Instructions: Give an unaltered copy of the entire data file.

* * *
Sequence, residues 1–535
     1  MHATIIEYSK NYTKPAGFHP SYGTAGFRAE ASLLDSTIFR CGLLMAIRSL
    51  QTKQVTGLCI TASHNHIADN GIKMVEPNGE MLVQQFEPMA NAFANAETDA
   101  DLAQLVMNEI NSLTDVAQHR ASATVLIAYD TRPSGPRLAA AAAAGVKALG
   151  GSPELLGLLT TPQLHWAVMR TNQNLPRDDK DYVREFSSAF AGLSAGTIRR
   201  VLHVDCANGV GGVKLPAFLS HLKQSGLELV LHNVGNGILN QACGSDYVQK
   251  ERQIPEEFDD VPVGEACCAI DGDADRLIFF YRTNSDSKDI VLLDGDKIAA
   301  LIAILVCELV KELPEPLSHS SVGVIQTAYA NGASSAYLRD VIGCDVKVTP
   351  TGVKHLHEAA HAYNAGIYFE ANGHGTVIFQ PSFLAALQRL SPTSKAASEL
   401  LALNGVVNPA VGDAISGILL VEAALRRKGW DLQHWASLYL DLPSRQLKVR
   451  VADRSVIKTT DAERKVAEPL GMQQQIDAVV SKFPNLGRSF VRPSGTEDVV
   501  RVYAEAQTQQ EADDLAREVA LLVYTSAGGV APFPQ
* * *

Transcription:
Sequence, residues 1–535
     1  MHATIIEYSK NYTKPAGFHP SYGTAGFRAE ASLLDSTIFR CGLLMAIRSL
    51  QTKQVTGLCI TASHNHIADN GIKMVEPNGE MLVQQFEPMA NAFANAETDA
   101  DLAQLVMNEI NSLTDVAQHR ASATVLIAYD TRPSGPRLAA AAAAGVKALG
   151  GSPELLGLLT TPQLHWAVMR TNQNLPRDDK DYVREFSSAF AGLSAGTIRR
   201  VLHVDCANGV GGVKLPAFLS HLKQSGLELV LHNVGNGILN QACGSDYVQK
   251  ERQIPEEFDD VPVGEACCAI DGDADRLIFF YRTNSDSKDI VLLDGDKIAA
   301  LIAILVCELV KELPEPLSHS SVGVIQTAYA NGASSAYLRD VIGCDVKVTP
   351  TGVKHLHEAA HAYNAGIYFE ANGHGTVIFQ PSFLAALQRL SPTSKAASEL
   401  LALNGVVNPA VGDAISGILL VEAALRRKGW DLQHWASLYL DLPSRQLKVR
   451  VADRSVIKTT DAERKVAEPL GMQQQIDAVV SKFPNLGRSF VRPSGTEDVV
   501  RVYAEAQTQQ EADDLAREVA LLVYTSAGGV APFPQ